In the first part of this analysis, which took place in early December, I reviewed the mid-term advertising and marketing of the 2006 online holiday shopping season. At that time, results were lackluster according to outside analysts and pollsters, not so much because of campaign execution but due to consumer procrastination and disappointment in the online retailers’ sites. Now that the holiday shopping crush is over, how did retailers really fare from their online ad campaigns? For direct marketers and agencies not completely done in, here’s what I heard:
Since many of the successful campaigns began with audience research, landing page tests or e-mail database development conducted months in advance for the sole purpose of maximizing holiday sales, campaign strategy and planning should get started six to nine months in advance. Advertisers should conduct post-mortems following this current season to see what worked and didn’t work to help build next year’s campaigns, but still allow room for flexibility given the mutable nature of the Web.
More Holistic Approach
This season’s winning campaigns moved far beyond mere placement of a banner that clicks through to a home page or a gift-giving section. Armed with pre-season psychographic studies and the ability to layer ad buy targeting through demographic, behavioral, and content targeting, agencies produced campaigns more holistically, creating unique mini-sites aligned with the motivations of their target audiences. For Philips, Tribal DDB created three separate ad campaigns, one reaching out to the angst-ridde,n gift-giving female. To alleviate “gift giving perfectionism,” at the Philips Gift Profile Center, visitors could enter the last three gifts they gave their man to receive an analysis of what these gifts reveal about them.
“The gifts we give send hidden messages. Our site decoded those messages in a fun way and aimed to make [the visitor] a better gift giver,” said Steve Nesle, the creative lead on the project. The site directed traffic to Amazon for purchasing.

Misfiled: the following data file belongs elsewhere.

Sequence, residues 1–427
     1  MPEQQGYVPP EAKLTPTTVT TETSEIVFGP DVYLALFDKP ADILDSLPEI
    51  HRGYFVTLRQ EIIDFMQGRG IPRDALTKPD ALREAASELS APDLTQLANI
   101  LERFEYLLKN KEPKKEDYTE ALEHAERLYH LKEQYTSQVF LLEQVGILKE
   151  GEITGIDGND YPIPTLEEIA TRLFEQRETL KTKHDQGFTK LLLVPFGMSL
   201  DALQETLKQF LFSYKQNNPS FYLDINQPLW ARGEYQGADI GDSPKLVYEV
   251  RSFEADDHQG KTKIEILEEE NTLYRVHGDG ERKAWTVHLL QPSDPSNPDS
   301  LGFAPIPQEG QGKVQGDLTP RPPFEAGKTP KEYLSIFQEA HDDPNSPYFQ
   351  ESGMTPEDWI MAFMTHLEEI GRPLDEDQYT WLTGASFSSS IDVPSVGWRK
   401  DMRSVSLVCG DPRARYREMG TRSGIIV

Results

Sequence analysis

Quality creative also plays a factor. “We saw an increased interest by advertisers to provide us with high quality images during the holiday season, whereas in other times of year, we are often driving those discussions,” claimed Vikki Neil, VP of interactive sales at HGTV.com.
Dabbling in Social Marketing and Video Ads
New for the 2006 holiday season, advertisers have tested social marketing channels like running videos on YouTube or promoting their own blogs. Trust in the medium played a big role, but so did the desire to experiment and see how response fared.
Advertising.com saw a huge surge in video ad buys. “We have had more campaigns running on our video network in Q4 than in any other quarter,” said Mollie Spilman, chief sales and marketing officer.
Paid Search a Mixed Bag
While many advertisers loaded up on paid search ad campaigns during the holidays (Bluefly up over 100 percent from 2005), some, like Ice.com, curtailed search spends during the holidays. “Smaller players getting involved push up our bids and make search less profitable for us,” explained CEO Pinny Gniwisch. Gniwisch does advise advertisers study how search converts differently, even by individual keyword and search engine, to deliver on audience expectations with landing pages that help close sales.
E-mail Still Plays an Important Role
For most online retailers, e-mail is still a tool of choice, particularly during the holidays. Some, like Bluefly and Ice.com, sacrificed a bit of quality in order to build quantity by running sweepstakes. Q Interactive, the company behind Cool Savings, saw intense demand for lead generation in October and November in advance of the final selling season push, by far the highest volumes they’ve seen. In late November into December, Q Interactive advertiser attention moved to CPM-based e-mail display advertising even for traditional CPA advertisers who wanted guaranteed visibility. “This CPM e-mail was surprisingly successful, which was likely the result of Q Interactive already knowing the CPA goals of our [advertisers] and tailoring the campaigns to meet those conversion targets,” revealed Q Interactive CEO Matt Wise.
Extended Deadlines Helped
While everyone saw a longer online holiday buying season from start to finish, early promotions were not as fruitful as extended deadlines for last minute shoppers made a big difference. Ice.com themselves decided at the last minute to extend their shipping cut off date from December 20th to December 22nd and the difference was substantial.
Success metrics varied. Of course, many online retailers primarily focused on sales, measuring success by conversion metrics, ad cost to sales ratios and ROI, but there were advertisers who were also “interested in creating brand favorability and driving site traffic,” according to Advertising.com’s Spilman. With more advertising dollars online than ever before, this bodes well for 2007.
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